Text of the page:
Wack on Wacker

The announcement of the 2013-2014 season at Lyric Opera of Chicago is not good news at all.

The repertoire is drab and stodgy, with the most recent opera on the program that 1904 novelty Madama Butterfly. The casting is generally uninspired. Since, by my reckoning, it’s no longer 1998, Nathan Gunn‘s Figaro, Bo Skovhus‘ Eisenstein, Johan Botha‘s Otello, Thomas Hampson‘s Amfortas, and—God knows!—Patricia Racette‘s Butterfly are not exactly news of the day. The prospect of Paul Groves‘ Parsifal is, to put it mildly, underwhelming. The one really interesting bit of star casting all season long is Joyce DiDonato‘s Sesto, in an otherwise dire-sounding Clemenza.

One of the “major debuting directors,” Michael Grandage, won’t even be in town to supervise the revival of his Houston Butterfly. One of the few born Yanks on the roster is  Rob Ashford, best known locally for mucking up what is usually thought of as a director-proof play, Cat on a Hot Tin Roof.  Following a series of musical productions in (where else?) London, he’ll make his standard opera directing debut with Barbiere.  Thus LOC will attempt to imitate the worst of Peter Gelb‘s failures in New York, assigning trendy Broadway directors to opera projects they don’t understand.

Creative consultant Renée Fleming will appear with the company exactly once, for a subscribers-only duo concert with Jonas Kaufmann, another A-list name notable for its absence from the company’s staged productions next season.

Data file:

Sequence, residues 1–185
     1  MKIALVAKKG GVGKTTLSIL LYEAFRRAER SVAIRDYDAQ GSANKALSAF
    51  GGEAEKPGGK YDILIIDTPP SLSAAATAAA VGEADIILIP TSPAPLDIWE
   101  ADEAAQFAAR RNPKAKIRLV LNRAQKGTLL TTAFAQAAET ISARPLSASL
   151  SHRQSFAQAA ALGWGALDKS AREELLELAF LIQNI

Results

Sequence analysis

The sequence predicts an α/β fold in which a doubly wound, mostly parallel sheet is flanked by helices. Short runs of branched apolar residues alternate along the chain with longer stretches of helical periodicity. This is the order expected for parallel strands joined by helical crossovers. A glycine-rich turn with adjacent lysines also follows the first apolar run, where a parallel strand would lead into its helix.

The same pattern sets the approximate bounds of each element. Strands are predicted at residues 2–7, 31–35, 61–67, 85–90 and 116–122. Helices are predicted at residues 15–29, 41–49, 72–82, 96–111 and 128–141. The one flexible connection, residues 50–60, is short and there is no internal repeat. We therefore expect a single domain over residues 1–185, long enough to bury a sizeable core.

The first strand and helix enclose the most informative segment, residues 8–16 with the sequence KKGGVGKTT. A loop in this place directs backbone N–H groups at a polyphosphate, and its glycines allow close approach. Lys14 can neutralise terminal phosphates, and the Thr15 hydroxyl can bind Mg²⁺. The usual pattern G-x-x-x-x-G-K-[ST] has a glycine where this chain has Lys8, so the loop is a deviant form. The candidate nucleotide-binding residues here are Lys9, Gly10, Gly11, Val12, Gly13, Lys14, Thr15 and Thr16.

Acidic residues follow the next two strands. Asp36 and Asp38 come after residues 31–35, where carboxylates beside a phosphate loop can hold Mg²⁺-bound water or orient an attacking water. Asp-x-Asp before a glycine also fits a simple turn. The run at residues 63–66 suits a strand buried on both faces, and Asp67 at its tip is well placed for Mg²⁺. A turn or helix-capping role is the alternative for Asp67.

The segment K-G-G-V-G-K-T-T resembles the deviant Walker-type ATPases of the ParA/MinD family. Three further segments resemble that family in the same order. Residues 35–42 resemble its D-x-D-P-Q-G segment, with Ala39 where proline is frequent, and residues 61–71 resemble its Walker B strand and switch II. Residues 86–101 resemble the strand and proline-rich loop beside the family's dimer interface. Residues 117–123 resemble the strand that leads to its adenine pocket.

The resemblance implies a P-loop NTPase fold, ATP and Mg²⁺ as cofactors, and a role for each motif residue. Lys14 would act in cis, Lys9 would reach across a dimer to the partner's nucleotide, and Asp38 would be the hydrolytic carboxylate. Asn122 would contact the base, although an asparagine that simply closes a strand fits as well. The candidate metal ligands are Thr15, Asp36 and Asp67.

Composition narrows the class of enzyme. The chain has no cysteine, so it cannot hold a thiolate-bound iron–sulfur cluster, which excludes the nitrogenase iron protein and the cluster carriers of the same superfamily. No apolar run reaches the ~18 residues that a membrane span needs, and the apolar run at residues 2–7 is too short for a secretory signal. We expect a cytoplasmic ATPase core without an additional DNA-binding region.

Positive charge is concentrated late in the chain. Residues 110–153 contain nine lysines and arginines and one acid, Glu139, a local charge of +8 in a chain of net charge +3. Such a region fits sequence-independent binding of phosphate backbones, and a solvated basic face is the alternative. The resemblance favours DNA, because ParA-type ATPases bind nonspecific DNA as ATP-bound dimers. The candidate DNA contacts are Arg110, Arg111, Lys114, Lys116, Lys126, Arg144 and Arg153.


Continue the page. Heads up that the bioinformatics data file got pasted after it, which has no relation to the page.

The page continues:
And how dire is the international opera situation? Well, let’s put it this way: Joseph Calleja, who is arguably one of the five top tenor names in the world today, accepted an engagement singing Alfredo in Chicago for most of the fall. So that’s the best offer his management could drum up for the busy month of November: a part most tenors abandon as soon as they can, in a city off the beaten path, and in the company of what might best be described as a less than intuitive cast (Marina Rebeka and Quinn Kelsey?)

And, finally, if money is so obviously tight, what earthly reason would LOC have for commissioning a new production of Rusalka, a piece that just might possibly merit another viewing five or seven years down the road? There are a dozen fine productions of this opera in various theaters in Europe that could have been borrowed, so why create an entirely new one? The only reason I can think of is that somewhere in the mission statement for the company there is a clause about helping to keep the McVicar/George household solvent. After all, what is the purpose of any American opera company but to provide employment for Brits and their boyfriends?

Speaking of which, Anthony Freud disavowed Chicago’s current season as “titles I inherited.” I wonder if he’s willing to take ownership of the cowardly mishmash he’s putting on next year.